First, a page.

Charlie Chaplin’s Art

From the New Republic, 3rd February 1917

THERE died last winter, in New York, a notable artist who was comparatively unknown because he had the ill-luck to miss his right artistic medium. He was a circus clown — “Slivers”, of the delectable “baseball game”. He was condemned to pantomime because of a voice that was inadequate to public utterance, but he was a comedian of surprising imagination, a serious observer, a real student of comic effects, and inherently pathetic even at his funniest.

Charles Chaplin has come into the kingdom that poor Slivers missed. He wears, as Slivers did, a grotesque costume. He has the same gift for clowning — an ability to translate any natural gesture into caricature without the slightest apparent exaggeration — a gift that seems inherent in his body as grace is so often in the body of beauty.

Slivers used to say: “Put a real clown in the middle of a three-ring circus, with nothin’ to work with but a shoe-lace, an’ he’ll make the whole tent laugh.” Slivers did it by virtue of a penetrating imagination. He would see the shoe-lace as anything from an angle-worm to a string of spaghetti, and see it and relate himself to it so convincingly that he made you see it as he did.

Chaplin performs the same miracle with a walking-stick. He will see it—outrageously—as a tooth-pick, but he will use it exactly as you see tooth-picks used at a lunch counter, looking at you with an air of sad repletion, with a glazed eye from which all intelligence has withdrawn, inwardly, to brood over the internal satisfaction of digestive process—absurdly, but with unimpeachable realism.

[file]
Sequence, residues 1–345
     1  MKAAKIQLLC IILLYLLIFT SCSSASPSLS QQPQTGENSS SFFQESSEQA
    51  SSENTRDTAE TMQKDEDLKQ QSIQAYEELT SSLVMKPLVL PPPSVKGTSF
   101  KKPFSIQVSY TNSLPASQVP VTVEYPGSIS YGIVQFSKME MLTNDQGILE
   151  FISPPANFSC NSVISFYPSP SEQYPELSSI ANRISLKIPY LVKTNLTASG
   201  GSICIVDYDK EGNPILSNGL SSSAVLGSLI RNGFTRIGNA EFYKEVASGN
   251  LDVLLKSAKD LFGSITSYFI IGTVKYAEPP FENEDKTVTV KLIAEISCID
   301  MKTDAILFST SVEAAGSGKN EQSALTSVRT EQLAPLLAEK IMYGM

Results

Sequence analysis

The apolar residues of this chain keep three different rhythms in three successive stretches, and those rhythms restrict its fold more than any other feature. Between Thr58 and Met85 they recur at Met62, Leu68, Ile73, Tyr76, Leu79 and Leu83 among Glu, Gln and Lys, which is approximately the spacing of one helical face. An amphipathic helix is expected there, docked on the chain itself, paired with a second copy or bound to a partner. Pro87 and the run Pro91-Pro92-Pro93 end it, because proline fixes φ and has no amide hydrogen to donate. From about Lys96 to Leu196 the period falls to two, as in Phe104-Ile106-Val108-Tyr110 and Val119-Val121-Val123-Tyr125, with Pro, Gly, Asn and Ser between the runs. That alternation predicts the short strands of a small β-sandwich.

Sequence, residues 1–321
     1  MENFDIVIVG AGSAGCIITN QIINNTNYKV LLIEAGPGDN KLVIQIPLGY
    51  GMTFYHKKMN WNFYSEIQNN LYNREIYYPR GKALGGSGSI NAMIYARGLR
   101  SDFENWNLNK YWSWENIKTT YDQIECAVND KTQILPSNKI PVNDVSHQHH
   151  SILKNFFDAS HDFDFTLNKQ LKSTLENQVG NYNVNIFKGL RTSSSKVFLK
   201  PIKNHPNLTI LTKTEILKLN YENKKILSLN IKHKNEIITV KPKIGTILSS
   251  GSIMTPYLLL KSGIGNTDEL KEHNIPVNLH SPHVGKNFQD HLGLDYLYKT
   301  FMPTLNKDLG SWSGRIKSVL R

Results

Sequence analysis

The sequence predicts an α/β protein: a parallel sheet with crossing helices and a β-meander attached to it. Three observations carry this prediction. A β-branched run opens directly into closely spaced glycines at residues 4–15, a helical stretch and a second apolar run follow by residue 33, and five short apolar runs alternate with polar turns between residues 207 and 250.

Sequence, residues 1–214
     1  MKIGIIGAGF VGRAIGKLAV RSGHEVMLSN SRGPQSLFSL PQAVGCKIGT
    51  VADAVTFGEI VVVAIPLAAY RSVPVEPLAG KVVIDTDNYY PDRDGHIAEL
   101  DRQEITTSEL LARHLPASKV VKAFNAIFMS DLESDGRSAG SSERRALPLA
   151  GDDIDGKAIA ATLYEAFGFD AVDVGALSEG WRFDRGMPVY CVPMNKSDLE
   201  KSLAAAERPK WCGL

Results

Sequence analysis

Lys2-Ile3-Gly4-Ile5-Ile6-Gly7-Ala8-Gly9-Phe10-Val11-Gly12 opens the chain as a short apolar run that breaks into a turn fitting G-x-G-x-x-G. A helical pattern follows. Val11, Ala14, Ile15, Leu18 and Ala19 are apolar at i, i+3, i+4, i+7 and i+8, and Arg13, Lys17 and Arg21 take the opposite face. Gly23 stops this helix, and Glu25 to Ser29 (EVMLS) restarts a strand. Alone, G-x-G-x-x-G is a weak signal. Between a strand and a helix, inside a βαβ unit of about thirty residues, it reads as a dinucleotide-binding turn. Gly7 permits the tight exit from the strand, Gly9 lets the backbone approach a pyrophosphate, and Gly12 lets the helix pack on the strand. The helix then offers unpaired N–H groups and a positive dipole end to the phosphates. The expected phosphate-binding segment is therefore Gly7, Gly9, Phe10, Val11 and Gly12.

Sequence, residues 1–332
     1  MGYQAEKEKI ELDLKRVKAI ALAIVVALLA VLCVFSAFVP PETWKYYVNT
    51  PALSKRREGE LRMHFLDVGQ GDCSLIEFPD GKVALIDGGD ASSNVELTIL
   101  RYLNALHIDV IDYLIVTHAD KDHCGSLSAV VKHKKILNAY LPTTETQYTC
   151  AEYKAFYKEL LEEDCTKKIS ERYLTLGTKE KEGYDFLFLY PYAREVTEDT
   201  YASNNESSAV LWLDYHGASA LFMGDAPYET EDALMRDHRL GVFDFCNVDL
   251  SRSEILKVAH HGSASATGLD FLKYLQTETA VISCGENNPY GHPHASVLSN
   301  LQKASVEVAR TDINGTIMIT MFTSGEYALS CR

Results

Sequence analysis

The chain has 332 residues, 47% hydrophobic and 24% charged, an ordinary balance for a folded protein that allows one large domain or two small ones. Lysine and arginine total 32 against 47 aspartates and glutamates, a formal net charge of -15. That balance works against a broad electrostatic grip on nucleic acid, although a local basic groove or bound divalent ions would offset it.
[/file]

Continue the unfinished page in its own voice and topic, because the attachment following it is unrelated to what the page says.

Or, he is a clerk in a pawnshop, and a man brings in an alarm clock to pledge it. Chaplin has to decide how much it is worth. He sees it first as a patient to be examined diagnostically. He taps it, percusses it, puts his ear to its chest, listens to its heart-beat with a stethoscope, and, while he listens, fixes a thoughtful medical eye on space, looking inscrutably wise and professionally self-confident.

He begins to operate on it—with a can-opener. And immediately the round tin clock becomes a round tin can whose contents are under suspicion. He cuts around the circular top of the can, bends back the flap of tin with a kitchen thumb gingerly, scrutinizes the contents gingerly, and then, gingerly approaching his nose to it, sniffs with the melancholy expression of an experienced housekeeper who believes the worst of the packing-houses.

The imagination is accurate. The acting is restrained and naturalistic. The result is a scream.

And do not believe that such acting is And do not believe that such acting is a matter of crude and simple means. It is as subtle in its naturalism as the shades of intonation in a really tragic speech.

In one of Chaplin’s films, another actor, disguised as Chaplin, walked into the picture and was received by the audience with a preliminary titter of welcome. He went through a number of typical Chaplin antics with a drinking fountain that squirted water in his face. There was half-hearted laughter. He was not funny. He moved through a succession of comic “stunts” unsuccessfully before it dawned on me that this was not Chaplin at all.